Gigantic Explosions Buried in Dust: ALMA Probes Environment around Gamma Ray Bursts
11 June, 2014 / Read time: 7 minutes
Japanese observations from the Atacama Large Millimeter/submillimeter Array (ALMA) have for the first time directly mapped out the molecular gas and dust in the host galaxies of gamma-ray bursts (GRBs) — the biggest explosions in the Universe. In a complete surprise, less gas was observed than expected, and correspondingly much more dust, making some GRBs appear as “dark GRBs”. This work will appear in the journal Nature on 12 June 2014 and is the first ALMA science result on GRBs to appear. It shows ALMA’s potential to help us to better understand these objects.
An artist’s conception of the environment around GRB 020819B based on ALMA observations. The GRB occurred in an arm of a galaxy in the constellation of Pisces (The Fishes). GRBs are huge explosions of a star spouting high-speed jets in a direction toward the observer. In a complete surprise, less gas was observed than expected, and correspondingly much more dust, making some GRBs appear as “dark GRBs”. Credit: NAOJ
Gamma-ray bursts (GRBs) are intense bursts of extremely high energy observed in distant galaxies — the brightest explosive phenomenon in the Universe. Bursts that last more than a couple of seconds are known as long-duration gamma-ray bursts (LGRBs)  and are associated with supernova explosions — powerful detonations at the ends of the lives of massive stars.
In just a matter of seconds, a typical burst releases as much energy as the Sun will in its entire ten-billion-year lifetime. The explosion itself is often followed by a slowly fading emission, known as an afterglow, which is thought to be created by collisions between the ejected material and the surrounding gas.
Fig. 1: An artist’s conception of the environment around GRB 020819B based on ALMA observations. Credit: NAOJ
However, some gamma-ray bursts mysteriously seem to have no afterglow — they are referred to as dark bursts. One possible explanation is that clouds of dust absorb the afterglow radiation.
In recent years, scientists have been working to better understand how GRBs form by probing their host galaxies. Astronomers expected that the massive stars that were GRB progenitors would be found in active star-forming regions in these galaxies, which would be surrounded by a large amount of molecular gas — the fuel for star formation. However, there had been no observational result to back up this theory, leaving a long-standing mystery.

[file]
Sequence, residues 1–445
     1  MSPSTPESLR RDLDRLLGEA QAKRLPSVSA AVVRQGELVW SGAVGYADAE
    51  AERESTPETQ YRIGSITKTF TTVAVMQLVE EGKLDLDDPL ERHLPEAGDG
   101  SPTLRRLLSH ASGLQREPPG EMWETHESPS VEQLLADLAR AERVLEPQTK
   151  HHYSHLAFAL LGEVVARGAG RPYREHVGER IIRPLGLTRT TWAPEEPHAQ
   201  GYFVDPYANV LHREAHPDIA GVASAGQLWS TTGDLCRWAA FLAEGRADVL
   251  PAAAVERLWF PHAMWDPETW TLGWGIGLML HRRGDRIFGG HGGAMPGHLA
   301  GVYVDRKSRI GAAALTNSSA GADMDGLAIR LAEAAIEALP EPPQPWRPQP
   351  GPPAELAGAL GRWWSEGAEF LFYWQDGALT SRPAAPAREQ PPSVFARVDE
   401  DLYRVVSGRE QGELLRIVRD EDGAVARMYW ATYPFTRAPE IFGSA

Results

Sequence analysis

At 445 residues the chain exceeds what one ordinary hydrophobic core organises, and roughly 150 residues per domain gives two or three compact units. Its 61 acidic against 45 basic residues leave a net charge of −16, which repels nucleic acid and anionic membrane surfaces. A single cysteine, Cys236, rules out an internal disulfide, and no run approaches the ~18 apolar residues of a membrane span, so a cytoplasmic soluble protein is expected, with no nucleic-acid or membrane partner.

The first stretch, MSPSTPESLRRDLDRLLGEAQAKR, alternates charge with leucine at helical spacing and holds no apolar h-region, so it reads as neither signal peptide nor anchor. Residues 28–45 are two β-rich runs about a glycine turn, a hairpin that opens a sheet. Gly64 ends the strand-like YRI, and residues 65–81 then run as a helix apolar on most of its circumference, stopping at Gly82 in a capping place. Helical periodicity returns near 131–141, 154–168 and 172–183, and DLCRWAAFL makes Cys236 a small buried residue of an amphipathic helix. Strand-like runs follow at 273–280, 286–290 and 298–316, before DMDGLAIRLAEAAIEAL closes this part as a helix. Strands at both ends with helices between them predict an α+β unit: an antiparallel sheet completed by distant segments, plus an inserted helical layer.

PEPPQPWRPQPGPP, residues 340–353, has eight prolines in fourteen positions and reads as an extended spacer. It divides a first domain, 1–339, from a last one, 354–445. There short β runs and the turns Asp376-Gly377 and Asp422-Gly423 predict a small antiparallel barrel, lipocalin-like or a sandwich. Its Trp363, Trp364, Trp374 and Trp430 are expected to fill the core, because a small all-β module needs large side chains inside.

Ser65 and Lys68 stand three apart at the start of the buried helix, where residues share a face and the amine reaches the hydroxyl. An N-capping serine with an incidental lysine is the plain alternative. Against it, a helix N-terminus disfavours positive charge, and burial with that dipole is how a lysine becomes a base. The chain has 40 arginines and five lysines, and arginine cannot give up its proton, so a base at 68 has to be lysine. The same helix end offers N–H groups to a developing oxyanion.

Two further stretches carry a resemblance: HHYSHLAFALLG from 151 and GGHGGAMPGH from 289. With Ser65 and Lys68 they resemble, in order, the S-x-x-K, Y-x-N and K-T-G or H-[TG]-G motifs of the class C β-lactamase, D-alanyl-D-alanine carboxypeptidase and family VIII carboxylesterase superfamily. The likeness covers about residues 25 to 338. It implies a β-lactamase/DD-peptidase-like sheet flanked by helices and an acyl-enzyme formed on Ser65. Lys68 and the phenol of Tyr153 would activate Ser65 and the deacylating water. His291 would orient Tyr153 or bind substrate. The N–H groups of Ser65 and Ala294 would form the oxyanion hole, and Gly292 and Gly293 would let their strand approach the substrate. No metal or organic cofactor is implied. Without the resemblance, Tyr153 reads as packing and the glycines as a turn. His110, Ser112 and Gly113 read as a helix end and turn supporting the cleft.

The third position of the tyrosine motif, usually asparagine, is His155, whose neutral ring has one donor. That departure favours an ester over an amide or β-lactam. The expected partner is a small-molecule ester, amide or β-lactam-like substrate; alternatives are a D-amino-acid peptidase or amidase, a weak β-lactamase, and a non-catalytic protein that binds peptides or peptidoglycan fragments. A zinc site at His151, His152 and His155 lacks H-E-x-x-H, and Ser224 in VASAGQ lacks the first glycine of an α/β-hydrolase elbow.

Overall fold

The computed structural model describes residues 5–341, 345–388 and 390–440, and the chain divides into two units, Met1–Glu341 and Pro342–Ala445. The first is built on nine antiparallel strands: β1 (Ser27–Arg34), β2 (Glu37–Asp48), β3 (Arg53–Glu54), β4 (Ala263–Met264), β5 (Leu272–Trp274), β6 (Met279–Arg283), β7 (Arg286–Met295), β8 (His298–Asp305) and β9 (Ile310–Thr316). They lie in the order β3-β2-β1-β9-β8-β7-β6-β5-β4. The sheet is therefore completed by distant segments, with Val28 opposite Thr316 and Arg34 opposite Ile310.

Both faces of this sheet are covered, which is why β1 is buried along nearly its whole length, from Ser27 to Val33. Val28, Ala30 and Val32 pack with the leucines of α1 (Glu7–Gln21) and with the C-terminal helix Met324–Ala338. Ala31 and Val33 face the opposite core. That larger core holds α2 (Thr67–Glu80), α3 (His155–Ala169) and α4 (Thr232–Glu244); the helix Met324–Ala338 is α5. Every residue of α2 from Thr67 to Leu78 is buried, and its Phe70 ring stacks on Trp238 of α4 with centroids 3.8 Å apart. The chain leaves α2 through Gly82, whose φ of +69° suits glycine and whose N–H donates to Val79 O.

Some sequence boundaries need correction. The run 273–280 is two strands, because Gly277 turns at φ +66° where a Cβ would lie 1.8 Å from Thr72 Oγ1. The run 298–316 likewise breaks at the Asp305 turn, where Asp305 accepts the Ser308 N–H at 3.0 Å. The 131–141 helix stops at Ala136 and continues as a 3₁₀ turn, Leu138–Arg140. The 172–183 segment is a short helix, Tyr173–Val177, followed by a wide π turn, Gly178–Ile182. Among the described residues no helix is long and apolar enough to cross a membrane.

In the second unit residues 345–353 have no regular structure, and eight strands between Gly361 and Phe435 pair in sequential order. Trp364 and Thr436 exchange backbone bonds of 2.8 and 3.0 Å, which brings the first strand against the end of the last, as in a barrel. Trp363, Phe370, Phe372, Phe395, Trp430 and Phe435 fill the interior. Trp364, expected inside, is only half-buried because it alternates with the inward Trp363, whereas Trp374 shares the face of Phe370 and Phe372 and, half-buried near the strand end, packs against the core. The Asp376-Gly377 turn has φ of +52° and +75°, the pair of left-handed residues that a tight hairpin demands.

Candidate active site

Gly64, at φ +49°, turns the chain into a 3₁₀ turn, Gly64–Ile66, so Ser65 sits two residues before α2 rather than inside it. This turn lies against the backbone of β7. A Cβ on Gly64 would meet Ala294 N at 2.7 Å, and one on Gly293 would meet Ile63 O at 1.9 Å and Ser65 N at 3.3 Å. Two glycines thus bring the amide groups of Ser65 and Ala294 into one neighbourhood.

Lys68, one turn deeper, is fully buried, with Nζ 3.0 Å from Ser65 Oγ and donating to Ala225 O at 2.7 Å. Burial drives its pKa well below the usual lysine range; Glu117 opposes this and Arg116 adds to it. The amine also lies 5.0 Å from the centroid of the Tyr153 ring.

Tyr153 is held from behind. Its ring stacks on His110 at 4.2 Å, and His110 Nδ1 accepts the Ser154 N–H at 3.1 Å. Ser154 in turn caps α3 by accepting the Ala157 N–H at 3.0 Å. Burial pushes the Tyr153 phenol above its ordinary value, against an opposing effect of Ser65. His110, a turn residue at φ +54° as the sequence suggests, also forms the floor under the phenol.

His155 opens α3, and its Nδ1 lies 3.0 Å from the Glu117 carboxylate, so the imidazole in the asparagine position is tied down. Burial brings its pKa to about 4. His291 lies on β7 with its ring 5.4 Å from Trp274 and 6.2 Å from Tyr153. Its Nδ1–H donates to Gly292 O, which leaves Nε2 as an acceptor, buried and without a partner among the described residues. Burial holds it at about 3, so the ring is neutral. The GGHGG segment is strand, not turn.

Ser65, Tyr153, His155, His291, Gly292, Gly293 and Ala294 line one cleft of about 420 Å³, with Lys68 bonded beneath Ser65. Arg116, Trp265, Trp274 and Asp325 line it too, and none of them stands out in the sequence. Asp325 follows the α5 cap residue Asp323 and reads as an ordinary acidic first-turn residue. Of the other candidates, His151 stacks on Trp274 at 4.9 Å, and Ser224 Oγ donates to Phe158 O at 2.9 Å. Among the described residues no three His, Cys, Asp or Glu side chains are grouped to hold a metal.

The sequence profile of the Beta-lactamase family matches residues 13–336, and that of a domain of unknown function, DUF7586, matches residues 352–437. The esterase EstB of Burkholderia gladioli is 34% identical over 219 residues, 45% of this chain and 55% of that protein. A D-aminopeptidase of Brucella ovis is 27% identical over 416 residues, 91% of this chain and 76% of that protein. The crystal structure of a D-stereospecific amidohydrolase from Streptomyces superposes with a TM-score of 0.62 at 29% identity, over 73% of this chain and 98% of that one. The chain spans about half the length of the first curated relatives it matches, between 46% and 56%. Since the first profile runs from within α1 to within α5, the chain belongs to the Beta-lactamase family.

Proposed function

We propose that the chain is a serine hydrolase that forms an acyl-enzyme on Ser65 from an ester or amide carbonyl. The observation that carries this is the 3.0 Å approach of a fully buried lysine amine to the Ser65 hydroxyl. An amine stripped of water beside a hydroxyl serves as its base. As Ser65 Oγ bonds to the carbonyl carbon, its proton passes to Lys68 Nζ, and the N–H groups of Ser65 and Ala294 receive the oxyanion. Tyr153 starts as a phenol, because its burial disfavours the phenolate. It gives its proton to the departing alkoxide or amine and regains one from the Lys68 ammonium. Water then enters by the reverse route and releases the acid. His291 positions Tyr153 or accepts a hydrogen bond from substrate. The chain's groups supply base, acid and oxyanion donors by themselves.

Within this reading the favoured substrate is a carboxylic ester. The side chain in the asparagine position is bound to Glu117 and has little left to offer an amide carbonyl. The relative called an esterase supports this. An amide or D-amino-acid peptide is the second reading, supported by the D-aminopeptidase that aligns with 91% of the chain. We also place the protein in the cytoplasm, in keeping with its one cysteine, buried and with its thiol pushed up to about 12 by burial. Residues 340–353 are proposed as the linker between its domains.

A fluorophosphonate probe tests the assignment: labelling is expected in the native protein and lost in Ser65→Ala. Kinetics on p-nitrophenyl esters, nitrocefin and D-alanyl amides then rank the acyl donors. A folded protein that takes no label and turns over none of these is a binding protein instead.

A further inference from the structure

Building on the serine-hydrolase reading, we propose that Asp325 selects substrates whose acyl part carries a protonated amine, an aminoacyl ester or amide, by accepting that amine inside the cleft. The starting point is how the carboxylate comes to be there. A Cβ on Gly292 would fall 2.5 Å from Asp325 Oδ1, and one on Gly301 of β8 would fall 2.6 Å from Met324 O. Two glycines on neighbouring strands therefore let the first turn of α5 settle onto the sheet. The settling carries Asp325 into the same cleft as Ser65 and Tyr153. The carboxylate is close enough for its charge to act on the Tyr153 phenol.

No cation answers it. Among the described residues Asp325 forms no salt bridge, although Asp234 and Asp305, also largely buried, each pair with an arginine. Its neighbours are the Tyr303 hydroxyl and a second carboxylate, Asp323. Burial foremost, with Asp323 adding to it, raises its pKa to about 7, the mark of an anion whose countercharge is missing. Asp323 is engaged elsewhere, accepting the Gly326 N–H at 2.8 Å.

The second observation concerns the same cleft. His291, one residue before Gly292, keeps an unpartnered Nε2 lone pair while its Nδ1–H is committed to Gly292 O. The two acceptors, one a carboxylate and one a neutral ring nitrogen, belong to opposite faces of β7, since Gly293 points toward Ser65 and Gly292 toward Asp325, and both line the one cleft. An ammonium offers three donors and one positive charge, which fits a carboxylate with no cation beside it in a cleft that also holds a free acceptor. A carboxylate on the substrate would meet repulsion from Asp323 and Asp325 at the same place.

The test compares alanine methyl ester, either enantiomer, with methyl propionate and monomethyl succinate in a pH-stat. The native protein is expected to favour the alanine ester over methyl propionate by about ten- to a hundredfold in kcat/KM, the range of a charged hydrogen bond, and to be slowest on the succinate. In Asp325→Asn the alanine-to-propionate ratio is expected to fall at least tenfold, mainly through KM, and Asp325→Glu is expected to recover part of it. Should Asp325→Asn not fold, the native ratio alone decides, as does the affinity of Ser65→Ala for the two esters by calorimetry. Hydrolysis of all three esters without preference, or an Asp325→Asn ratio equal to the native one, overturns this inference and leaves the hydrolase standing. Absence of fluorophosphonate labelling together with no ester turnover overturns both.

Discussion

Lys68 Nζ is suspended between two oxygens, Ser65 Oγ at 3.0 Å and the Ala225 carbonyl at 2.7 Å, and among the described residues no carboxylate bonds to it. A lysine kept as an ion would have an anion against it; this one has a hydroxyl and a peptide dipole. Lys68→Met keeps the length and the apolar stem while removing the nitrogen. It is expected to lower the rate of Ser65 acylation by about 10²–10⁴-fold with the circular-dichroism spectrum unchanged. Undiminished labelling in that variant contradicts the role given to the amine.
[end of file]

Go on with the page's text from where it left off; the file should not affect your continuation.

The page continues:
A Japanese research group led by Bunyo Hatsukade, an assistant professor at the Chile Observatory of the National Astronomical Observatory of Japan (NAOJ), conducted observations of two galaxies hosting GRB 020819B and GRB 051022 whose distance from us is about 4.3 billion and 6.9 billion light years, respectively. Detection of radio emission from GRB host galaxies, which had been a long-sought goal for astronomers, was finally made possible by ALMA with its unprecedentedly high sensitivity .
Fig. 2: Observations of the host galaxy for GRB 020819B. Radio measurements of molecular gas (left) and dust (middle), both of which are observed with ALMA. An image in visible-light captured by the Frederick C. Gillett Gemini North Telescope (right). The cross indicates the location of the GRB site. Credit: Bunyo Hatsukade(NAOJ), ALMA (ESO/NAOJ/NRAO)
Kotaro Kohno, a professor at the University of Tokyo and a member of the research team, says, "We have been searching for molecular gas in GRB host galaxies over 10 years since 2003 using various telescopes around the world. As a result of our hard effort, we finally achieved a remarkable breakthrough using ALMA with unprecedentedly high sensitivity. We are very excited with what we have achieved." The sensitivity of ALMA in this observation was about five times better than the other telescopes ever used for the previous researches, although the observation time taken was just 47 minutes and the number of antennas used was only 27 (less than a half of the total number of antennas). The observation results demonstrated ALMA’s revolutionary capability even under limited conditions.